# D3 Circular Charts

## Intro

We have done a lot of line based charts, but to create circular based charts we need to introduce a couple of new concepts such as arcs, radians and ordinal scales for dynamic color generation. Let’s get started with a simple pie chart, and then we can look into exploring the D3 Sunburst Chart.

## Arcs

An arc is a portion of a circle. Like a slice of pizza. D3 needs a starting angle and ending angle to draw arcs. The value of the angles are measured in radians.

Wikipedia: Circular Arc

The radian, denoted by the symbol rad, is the SI unit for measuring angles, and is the standard unit of angular measure used in many areas of mathematics.

One radian is the distance of the radius of the circle along the perimeter of the circle.

D3 is going to abstract away a lot of this math, but it’s useful to understand this.

## d3.pie()

The `pie` method takes an array of data and returns an array of the same length with a start angle and end angle for each Arc, with the angle being given in radians.

It essentially determines how much of the pie each datum takes up.

📘 D3: pie()

Here is a sample returned array. We will refer to this array as `slices`

``````[
{"data":  1, "value":  1, "index": 6, "startAngle": 6.050474740247008, "endAngle": 6.166830023713296, "padAngle": 0},
{"data":  1, "value":  1, "index": 7, "startAngle": 6.166830023713296, "endAngle": 6.283185307179584, "padAngle": 0},
{"data":  2, "value":  2, "index": 5, "startAngle": 5.817764173314431, "endAngle": 6.050474740247008, "padAngle": 0},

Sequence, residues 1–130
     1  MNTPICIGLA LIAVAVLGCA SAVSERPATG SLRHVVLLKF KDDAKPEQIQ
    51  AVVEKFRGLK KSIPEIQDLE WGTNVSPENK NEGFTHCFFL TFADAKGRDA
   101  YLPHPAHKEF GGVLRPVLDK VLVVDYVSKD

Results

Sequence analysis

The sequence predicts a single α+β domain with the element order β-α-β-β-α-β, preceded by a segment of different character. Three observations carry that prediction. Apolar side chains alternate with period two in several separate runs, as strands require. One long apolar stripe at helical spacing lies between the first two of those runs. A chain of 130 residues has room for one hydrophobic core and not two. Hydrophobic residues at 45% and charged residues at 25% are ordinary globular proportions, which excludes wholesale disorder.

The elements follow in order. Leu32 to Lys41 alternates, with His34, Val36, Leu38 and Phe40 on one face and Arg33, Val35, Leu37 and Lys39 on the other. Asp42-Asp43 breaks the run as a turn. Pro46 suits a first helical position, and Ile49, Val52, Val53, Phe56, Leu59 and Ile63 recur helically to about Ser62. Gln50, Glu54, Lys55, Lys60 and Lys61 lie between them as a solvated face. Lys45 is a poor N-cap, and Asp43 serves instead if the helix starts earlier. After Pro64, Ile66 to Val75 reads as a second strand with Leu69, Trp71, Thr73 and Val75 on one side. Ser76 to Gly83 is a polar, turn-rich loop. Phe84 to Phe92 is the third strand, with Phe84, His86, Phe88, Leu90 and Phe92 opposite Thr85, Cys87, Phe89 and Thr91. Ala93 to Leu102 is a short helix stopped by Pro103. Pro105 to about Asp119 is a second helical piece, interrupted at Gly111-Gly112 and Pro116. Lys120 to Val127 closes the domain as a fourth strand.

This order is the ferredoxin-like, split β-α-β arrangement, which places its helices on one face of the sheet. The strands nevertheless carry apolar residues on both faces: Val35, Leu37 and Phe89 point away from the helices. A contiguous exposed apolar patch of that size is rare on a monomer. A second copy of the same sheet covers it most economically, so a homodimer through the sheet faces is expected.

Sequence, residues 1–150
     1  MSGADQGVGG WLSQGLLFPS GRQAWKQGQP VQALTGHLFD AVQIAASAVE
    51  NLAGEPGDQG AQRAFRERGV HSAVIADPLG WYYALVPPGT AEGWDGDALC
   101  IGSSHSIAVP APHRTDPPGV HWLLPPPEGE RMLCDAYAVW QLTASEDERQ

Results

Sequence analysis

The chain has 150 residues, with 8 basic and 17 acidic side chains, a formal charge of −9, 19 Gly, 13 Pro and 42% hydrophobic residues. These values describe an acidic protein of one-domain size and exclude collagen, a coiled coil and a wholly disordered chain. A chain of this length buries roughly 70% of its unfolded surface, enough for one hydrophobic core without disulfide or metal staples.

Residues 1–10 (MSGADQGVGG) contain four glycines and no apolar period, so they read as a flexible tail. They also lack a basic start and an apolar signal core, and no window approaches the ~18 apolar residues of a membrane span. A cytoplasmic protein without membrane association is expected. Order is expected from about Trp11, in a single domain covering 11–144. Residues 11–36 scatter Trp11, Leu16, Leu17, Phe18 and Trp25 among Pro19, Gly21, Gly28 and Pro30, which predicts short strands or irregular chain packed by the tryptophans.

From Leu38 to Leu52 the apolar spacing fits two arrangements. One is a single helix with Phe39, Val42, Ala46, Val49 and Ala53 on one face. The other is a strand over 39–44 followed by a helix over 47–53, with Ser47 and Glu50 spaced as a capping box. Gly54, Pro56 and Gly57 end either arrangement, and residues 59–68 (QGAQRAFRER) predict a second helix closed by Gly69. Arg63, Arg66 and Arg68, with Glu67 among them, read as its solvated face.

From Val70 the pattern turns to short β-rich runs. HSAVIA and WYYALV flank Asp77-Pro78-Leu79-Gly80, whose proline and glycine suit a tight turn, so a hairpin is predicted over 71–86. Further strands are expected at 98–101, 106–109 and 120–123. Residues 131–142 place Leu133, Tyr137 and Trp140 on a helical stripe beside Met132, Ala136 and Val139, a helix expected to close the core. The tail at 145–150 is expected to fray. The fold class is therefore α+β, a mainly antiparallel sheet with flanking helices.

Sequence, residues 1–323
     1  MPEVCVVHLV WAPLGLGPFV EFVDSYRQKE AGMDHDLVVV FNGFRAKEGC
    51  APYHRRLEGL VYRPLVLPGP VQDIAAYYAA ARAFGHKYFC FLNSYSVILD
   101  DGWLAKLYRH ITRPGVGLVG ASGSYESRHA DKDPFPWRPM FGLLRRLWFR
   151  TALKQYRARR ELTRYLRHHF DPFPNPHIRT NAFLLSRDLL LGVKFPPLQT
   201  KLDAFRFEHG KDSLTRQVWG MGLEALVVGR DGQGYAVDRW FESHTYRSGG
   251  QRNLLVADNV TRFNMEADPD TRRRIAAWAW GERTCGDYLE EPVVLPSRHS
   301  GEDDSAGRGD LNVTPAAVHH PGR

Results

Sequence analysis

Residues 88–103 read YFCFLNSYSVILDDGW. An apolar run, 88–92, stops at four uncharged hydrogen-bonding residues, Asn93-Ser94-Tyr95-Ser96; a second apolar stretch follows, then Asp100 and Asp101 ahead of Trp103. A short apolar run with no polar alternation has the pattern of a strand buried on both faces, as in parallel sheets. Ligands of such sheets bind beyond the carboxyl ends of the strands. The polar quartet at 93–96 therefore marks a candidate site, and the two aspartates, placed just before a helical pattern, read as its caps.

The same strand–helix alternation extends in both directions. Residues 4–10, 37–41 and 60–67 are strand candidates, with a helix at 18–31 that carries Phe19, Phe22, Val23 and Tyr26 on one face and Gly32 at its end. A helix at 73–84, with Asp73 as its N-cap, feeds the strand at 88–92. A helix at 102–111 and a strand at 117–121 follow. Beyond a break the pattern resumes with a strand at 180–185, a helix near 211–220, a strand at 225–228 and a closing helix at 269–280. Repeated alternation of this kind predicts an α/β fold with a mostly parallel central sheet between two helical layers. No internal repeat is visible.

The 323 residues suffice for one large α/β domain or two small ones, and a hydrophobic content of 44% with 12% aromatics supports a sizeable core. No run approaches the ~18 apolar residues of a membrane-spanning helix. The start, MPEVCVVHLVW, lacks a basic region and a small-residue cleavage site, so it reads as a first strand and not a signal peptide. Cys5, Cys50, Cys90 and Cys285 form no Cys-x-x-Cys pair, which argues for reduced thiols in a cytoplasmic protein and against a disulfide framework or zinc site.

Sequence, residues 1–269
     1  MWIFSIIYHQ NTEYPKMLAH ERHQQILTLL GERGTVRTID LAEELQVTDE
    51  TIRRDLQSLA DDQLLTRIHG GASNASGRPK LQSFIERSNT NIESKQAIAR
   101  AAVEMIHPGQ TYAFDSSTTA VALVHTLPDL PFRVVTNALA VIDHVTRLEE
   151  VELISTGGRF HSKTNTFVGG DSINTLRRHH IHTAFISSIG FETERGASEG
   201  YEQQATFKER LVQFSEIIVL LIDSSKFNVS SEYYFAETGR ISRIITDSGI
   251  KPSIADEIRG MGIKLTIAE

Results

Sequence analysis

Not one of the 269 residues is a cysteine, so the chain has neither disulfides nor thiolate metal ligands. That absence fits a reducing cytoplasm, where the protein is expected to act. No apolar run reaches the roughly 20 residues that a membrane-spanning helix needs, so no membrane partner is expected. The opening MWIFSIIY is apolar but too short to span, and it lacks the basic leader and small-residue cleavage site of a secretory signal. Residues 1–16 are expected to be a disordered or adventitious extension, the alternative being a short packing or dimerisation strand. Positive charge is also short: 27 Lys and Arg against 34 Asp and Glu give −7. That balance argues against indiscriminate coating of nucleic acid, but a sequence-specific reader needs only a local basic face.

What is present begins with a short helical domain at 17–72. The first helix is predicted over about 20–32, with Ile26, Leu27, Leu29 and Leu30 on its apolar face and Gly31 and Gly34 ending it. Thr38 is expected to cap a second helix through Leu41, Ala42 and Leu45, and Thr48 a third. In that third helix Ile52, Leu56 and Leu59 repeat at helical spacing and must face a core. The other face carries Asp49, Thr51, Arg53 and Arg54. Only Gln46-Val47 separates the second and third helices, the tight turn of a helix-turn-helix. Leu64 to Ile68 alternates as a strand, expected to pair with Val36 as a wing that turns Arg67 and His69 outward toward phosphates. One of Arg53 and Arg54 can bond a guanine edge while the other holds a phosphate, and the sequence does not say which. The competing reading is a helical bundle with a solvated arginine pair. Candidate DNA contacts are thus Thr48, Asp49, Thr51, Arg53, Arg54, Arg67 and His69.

{"data":  3, "value":  3, "index": 4, "startAngle": 5.468698322915565, "endAngle": 5.817764173314431, "padAngle": 0},
{"data":  5, "value":  5, "index": 3, "startAngle": 4.886921905584122, "endAngle": 5.468698322915565, "padAngle": 0},
{"data":  8, "value":  8, "index": 2, "startAngle": 3.956079637853813, "endAngle": 4.886921905584122, "padAngle": 0},
{"data": 13, "value": 13, "index": 1, "startAngle": 2.443460952792061, "endAngle": 3.956079637853813, "padAngle": 0},
{"data": 21, "value": 21, "index": 0, "startAngle": 0.000000000000000, "endAngle": 2.443460952792061, "padAngle": 0}
]``````

The index is the order that the arcs will be drawn.

## d3.arc()

The `arc` method will actually draw our arcs using the data formatted by the `pie` method.

📘 D3: arc()

This method requires that you provide the inner and outer radius. The outer radius you can calculate by taking the width of your container divided by two. The inner radius would be 0 for a pie chart, or another value for a donut type chart.

Knowing this we can start to understand how a sunburst graph could be made by generating multiple pie charts where the inner radius of the outer ring start where the radius of the inner ring ends.

``````const arc = d3.arc()
.startAngle(0)
.endAngle(Math.PI / 2);

arc(); // "M0,-100A100,100,0,0,1,100,0L0,0Z"``````

We can see that the output of the arc method is a path value. Now to actually use this we would we would do something like the following

``````// create and center new group for arcs
const arcGroup = ctr.append('g')
.attr(
'transform',